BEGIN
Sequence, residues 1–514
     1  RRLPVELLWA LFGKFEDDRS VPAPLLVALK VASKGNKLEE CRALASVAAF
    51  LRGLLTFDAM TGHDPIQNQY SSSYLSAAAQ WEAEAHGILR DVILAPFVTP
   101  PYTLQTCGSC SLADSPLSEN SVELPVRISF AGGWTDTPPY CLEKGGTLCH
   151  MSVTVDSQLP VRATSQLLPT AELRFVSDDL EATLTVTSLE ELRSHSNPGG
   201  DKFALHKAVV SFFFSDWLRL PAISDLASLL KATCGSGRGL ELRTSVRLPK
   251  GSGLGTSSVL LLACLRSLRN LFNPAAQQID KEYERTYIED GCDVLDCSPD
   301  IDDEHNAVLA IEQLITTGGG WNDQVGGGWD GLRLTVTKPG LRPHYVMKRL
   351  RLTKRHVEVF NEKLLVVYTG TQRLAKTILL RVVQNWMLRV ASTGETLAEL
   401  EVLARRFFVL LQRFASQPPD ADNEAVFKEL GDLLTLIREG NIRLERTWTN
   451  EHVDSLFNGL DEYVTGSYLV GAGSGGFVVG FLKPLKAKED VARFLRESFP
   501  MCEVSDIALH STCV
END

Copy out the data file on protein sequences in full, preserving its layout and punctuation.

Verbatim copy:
Sequence, residues 1–514
     1  RRLPVELLWA LFGKFEDDRS VPAPLLVALK VASKGNKLEE CRALASVAAF
    51  LRGLLTFDAM TGHDPIQNQY SSSYLSAAAQ WEAEAHGILR DVILAPFVTP
   101  PYTLQTCGSC SLADSPLSEN SVELPVRISF AGGWTDTPPY CLEKGGTLCH
   151  MSVTVDSQLP VRATSQLLPT AELRFVSDDL EATLTVTSLE ELRSHSNPGG
   201  DKFALHKAVV SFFFSDWLRL PAISDLASLL KATCGSGRGL ELRTSVRLPK
   251  GSGLGTSSVL LLACLRSLRN LFNPAAQQID KEYERTYIED GCDVLDCSPD
   301  IDDEHNAVLA IEQLITTGGG WNDQVGGGWD GLRLTVTKPG LRPHYVMKRL
   351  RLTKRHVEVF NEKLLVVYTG TQRLAKTILL RVVQNWMLRV ASTGETLAEL
   401  EVLARRFFVL LQRFASQPPD ADNEAVFKEL GDLLTLIREG NIRLERTWTN
   451  EHVDSLFNGL DEYVTGSYLV GAGSGGFVVG FLKPLKAKED VARFLRESFP
   501  MCEVSDIALH STCV